Given the sensitivity of these small slabs, today would be a good day to stick to lower angle, protected terrain and leave the upper elevation, wind affected terrain alone. 3-5 inches of new snow fell overnight with another 6-10 inches possible through the day today. Old wind slabs are going to be camoflaged by the new snow which will add to the depth of the problem. Expect the avalanche hazard to rise today as the snow increases and plan your day and routes accordingly.
|0600 temperature:||5 deg. F.|
|Max. temperature in the last 24 hours:||14 deg. F.|
|Average wind direction during the last 24 hours:||WSW|
|Average wind speed during the last 24 hours:||6 mph|
|Maximum wind gust in the last 24 hours:||17 mph|
|New snowfall in the last 24 hours:||NA inches|
|Total snow depth:||72 inches|
PAC WX forecast: WIDESPREAD NEAR EPIC SNOW CONDITIONS, INCREASING TO ALL TIME BY MONDAY AM>>>
SHORT TERM...Today through Sunday...The next winter storm is upon
us, and we made some small changes to the warning and advisories
that were previously posted. The latest timing brings the storm
in a little slower, and we now expect temperatures to allow for
accumulating snows in some of the lower elevations into the early
afternoon. This necessitated some changes in the timing of some
of the advisories. We have also added blowing snow to the forecast
in areas where wind gusts are forecast to be 25 mph or greater
and temperatures less than 28 degrees. Blowing snow will be common
in the mountains and in the Southwest Highlands. Snow is expected
to begin in eastern Oregon before 12Z, then moving into southwest
Idaho. There will be a sharp north-south gradient in snowfall
across the Treasure Valley due to downsloping in the lee of the
Owyhees, with less than an inch expected in the southern part of
the valley, then 1 to 3 inches as you move north toward I-84, and
then 3 to 5 inches north of I-84 (generally speaking). Instability
will be sufficient for very vigorous showers this afternoon, and
even a chance for thunderstorms. Graupel, often confused for hail,
will be present with many of these showers and any thunderstorms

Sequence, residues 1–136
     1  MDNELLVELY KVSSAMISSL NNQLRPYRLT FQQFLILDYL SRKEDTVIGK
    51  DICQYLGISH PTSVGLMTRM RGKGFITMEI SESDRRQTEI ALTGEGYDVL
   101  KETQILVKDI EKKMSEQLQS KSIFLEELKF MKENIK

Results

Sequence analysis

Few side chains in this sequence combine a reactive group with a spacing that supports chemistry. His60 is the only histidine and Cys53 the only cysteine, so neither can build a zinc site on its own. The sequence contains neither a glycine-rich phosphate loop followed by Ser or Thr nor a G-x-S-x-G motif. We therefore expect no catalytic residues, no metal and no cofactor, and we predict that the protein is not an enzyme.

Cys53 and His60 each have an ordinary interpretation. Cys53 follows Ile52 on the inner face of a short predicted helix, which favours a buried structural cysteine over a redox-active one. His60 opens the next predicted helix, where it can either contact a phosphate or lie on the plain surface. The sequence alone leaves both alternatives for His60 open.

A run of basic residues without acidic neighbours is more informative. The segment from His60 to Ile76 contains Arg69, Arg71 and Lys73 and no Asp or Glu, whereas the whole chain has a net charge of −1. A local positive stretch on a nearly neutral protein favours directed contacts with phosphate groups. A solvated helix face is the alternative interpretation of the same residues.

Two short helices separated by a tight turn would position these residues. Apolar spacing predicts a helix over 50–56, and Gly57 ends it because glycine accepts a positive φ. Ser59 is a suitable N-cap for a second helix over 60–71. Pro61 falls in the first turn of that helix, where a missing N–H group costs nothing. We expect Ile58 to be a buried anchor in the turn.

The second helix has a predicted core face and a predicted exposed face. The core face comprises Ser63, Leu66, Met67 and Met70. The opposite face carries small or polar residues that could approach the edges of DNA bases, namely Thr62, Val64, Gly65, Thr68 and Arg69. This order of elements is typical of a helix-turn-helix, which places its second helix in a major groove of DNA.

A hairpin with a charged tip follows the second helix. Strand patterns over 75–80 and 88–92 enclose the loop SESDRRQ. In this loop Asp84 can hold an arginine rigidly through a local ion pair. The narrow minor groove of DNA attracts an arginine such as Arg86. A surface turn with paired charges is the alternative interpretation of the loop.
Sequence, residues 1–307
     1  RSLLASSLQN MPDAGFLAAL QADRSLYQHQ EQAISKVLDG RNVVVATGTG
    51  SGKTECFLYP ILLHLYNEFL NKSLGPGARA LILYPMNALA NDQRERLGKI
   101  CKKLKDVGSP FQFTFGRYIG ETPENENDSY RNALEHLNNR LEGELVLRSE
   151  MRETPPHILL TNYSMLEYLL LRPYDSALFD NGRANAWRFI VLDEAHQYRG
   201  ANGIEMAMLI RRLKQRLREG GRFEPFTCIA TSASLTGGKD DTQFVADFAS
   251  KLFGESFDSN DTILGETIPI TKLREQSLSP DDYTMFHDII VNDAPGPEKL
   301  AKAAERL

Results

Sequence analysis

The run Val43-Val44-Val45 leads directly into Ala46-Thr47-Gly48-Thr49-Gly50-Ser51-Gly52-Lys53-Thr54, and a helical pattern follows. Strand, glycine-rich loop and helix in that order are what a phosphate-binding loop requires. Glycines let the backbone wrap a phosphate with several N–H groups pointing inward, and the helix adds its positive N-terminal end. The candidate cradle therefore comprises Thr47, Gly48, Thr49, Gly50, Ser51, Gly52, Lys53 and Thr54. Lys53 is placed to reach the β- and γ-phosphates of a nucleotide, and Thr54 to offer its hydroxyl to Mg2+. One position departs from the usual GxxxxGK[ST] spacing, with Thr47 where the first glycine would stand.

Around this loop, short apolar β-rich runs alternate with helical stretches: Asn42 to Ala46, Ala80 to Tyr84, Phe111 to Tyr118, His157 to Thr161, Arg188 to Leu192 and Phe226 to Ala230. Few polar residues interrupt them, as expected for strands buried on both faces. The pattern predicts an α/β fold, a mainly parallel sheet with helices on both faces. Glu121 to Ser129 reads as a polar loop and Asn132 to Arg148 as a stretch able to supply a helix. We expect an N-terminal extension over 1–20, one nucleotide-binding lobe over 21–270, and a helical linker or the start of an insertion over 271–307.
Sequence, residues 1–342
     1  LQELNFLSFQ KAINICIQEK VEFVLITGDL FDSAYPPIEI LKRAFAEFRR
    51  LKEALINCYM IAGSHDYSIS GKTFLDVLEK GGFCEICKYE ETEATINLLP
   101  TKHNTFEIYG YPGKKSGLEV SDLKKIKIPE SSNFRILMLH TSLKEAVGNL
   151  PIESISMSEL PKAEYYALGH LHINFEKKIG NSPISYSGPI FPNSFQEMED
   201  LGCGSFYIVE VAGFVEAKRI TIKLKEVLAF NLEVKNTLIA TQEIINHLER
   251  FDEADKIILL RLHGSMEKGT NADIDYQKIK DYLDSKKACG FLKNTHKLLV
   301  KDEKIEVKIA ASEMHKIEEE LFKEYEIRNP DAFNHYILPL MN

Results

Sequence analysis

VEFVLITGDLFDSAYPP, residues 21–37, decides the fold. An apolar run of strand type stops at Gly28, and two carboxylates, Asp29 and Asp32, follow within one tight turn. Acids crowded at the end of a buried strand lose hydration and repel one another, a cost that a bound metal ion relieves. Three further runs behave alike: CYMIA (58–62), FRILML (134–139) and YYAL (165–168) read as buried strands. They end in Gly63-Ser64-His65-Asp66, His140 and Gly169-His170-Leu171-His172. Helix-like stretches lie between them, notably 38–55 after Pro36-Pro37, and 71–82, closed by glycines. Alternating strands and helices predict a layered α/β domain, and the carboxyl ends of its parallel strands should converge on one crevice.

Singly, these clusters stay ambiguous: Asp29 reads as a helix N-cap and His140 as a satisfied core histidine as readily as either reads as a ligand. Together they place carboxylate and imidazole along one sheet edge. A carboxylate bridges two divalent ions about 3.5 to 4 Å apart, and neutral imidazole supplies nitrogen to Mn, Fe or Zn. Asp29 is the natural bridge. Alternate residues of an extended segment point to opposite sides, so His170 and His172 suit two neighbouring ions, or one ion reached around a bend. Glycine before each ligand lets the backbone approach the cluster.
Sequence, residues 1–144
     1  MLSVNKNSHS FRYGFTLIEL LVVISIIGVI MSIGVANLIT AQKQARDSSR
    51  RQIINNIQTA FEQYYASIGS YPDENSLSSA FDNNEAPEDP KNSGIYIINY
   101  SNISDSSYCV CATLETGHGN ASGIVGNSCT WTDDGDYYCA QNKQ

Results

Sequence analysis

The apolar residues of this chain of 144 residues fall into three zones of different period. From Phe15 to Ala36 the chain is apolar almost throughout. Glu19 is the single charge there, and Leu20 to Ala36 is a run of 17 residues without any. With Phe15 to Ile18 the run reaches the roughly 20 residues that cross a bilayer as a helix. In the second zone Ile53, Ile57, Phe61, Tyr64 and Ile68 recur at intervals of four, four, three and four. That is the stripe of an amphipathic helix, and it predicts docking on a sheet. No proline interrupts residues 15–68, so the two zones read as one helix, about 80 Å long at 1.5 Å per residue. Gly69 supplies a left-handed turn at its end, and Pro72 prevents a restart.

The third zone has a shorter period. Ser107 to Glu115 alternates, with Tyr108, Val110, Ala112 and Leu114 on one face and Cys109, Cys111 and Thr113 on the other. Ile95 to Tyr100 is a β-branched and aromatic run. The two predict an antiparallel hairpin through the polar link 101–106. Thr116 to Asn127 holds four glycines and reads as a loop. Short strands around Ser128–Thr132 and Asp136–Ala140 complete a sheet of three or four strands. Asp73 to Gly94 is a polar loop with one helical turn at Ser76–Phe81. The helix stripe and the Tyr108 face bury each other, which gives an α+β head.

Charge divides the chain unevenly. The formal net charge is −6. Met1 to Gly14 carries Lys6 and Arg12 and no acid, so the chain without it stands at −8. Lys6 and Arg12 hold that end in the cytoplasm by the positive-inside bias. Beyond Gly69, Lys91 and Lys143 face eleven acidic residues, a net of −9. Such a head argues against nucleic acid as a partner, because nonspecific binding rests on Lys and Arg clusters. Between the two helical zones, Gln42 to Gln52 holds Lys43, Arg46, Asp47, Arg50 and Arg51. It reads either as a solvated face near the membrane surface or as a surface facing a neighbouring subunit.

that form. Generally, the morning will bring steady snows, while
the afternoon becomes showery/stormy. This is not true for the
western Magic Valley, where steady snows will not begin until
afternoon, with showers/storms coming late in the afternoon and
into the evening. Tonight will bring a drying trend, and yet
another system begins to move in Sunday. Snows will move into
Baker County and the mountains of southwest Idaho during the
afternoon, and expand south and east overnight. Additional
advisories and/or warnings will most likely be needed for this
system, once today`s system clears the area. Temps will be a few
degrees warmer Sunday than today.
.LONG TERM...Sunday night through Friday...Unseasonably cool and
unsettled weather will continue in the extended period, with below
normal temperatures and above normal precipitation. A vigorous cold
front will move through the region on Sunday night into Monday
morning. Westerly flow will favor moderate to heavy snow
accumulations across the central Idaho mountains; with snow amounts
approaching warning criteria. The system will quickly move south on
Monday afternoon, with snow showers lingering across the higher
terrain through Monday evening. Tuesday will be generally dry and
cool in between systems. A system will move into the Pacific NW late
Wednesday into Thursday, bringing more precipitation into the region
through the weekend, although forecast details and timing are
unclear at this point.
This avalanche advisory is provided through a partnership between the Payette National Forest and the Payette Avalanche Center. This advisory covers the West Central Mountains between Hard Butte on the north and Council Mountain on the south. This advisory applies only to backcountry areas outside established ski area boundaries. This advisory describes general avalanche conditions and local variations always occur. This advisory expires at midnight on the posted day unless otherwise noted. The information in this advisory is provided by the USDA Forest Service who is solely responsible for its content.